Tave was also impressed with the implementation of the technology at the Al Jahra Court Complex in Kuwait, which recently earned the Guinness World Record for the “Largest Automated Parking Facility.” It was designed as a combination of 684 concrete ramp parking spaces with 2,314 automated spaces on top. The Robotic Parking Systems portion of the project provides almost 3.5 times the number of conventional ramp-style parking spaces in approximately the same volume. While the conventional parking portion is 7 levels and over 97 feet high, the RPS portion is 11 levels and 115 high.
The Robotic Parking System in the Al Jahra Court Complex can deliver almost 7 cars every minute. It has a certified peak traffic throughput of 425 cars per hour inbound/outbound, delivered through the 12-grade level entry/exit bays that service the garage. Average retrieval takes 177 seconds.
Establishing the technology’s reliability, of course, was also a crucial concern because it would need to function under any and all circumstances.
What Tave found satisfied his demand for the utmost system reliability.
“There is a significant difference between systems with single machines operating in multi-dimensional modes, and the design where each direction of vehicle travel is handled by a separate piece of equipment with redundancy built into every facet of the system, including the server that operates it,” says Tave.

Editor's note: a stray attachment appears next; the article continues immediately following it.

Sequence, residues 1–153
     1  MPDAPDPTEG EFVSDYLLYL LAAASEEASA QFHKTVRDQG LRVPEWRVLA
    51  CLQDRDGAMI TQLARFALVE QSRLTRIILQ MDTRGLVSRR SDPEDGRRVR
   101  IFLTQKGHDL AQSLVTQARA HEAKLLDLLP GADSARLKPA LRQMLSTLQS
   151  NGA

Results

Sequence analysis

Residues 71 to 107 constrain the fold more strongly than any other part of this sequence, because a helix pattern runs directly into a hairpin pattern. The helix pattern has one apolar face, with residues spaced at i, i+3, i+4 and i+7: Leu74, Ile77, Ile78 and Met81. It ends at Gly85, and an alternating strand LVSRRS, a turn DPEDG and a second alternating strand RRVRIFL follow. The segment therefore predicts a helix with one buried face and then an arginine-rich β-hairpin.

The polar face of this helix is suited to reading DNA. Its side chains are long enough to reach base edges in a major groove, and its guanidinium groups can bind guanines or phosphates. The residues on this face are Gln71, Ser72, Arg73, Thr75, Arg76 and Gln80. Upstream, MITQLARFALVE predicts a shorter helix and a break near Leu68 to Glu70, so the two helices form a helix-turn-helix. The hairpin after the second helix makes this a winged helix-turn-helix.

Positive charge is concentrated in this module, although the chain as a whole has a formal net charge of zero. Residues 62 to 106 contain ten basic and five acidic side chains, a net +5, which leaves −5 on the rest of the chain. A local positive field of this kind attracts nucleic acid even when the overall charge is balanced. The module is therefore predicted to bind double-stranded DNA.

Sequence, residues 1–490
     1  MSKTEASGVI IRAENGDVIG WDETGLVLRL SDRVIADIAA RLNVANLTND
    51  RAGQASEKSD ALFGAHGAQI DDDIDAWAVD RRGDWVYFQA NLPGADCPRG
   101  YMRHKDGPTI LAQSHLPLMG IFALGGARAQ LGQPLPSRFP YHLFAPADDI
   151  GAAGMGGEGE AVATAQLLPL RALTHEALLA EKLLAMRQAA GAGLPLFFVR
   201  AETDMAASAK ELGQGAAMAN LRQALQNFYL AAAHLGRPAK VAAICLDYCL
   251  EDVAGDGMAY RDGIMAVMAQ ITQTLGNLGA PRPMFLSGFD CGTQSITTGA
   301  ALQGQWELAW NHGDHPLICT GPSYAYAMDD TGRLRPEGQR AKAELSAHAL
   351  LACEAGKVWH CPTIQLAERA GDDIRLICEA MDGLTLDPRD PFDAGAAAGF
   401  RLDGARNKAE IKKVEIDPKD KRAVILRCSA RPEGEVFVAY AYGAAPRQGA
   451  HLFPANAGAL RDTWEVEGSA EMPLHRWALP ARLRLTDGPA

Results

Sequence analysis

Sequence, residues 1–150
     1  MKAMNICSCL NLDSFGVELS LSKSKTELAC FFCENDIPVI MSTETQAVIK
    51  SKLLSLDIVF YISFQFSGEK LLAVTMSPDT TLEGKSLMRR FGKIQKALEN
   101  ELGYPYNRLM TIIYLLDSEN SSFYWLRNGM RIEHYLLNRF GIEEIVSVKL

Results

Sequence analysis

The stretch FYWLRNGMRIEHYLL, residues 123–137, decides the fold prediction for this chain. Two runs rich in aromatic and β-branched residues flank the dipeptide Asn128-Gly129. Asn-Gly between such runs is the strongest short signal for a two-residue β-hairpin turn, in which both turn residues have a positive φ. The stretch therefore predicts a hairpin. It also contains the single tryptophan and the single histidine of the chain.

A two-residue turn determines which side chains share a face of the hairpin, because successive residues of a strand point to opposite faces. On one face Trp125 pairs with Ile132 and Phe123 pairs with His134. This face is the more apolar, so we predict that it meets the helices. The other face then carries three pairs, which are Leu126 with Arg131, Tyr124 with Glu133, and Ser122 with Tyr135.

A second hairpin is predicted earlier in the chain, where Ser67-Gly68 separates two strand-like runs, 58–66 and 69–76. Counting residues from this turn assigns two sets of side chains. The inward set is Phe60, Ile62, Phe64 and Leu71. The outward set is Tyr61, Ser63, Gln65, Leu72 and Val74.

While the initial cost of such a reliable automated parking system is higher than a traditional concrete garage, it is offset by lowering total development costs (including land, construction and soft costs) by as much as 40 percent. Typically, only half the space is required for the same amount of parking, which can significantly reduce the outlay for land purchase. Or, alternatively it can increase the revenue generating development capacity on a given piece of land.
The modular automated parking systems can also provide developers and architects needed design flexibility. The parking structures can be built above ground, underground, inside a building, on top of a building, or under a building. Any type of facade can be used whether half-timbered, brick, aluminum, concrete or glass. This enables architects to seamlessly blend the parking structures with the project or neighborhood.
Del Williams is a technical writer based in Torrance, California. Contact him at firstname.lastname@example.org.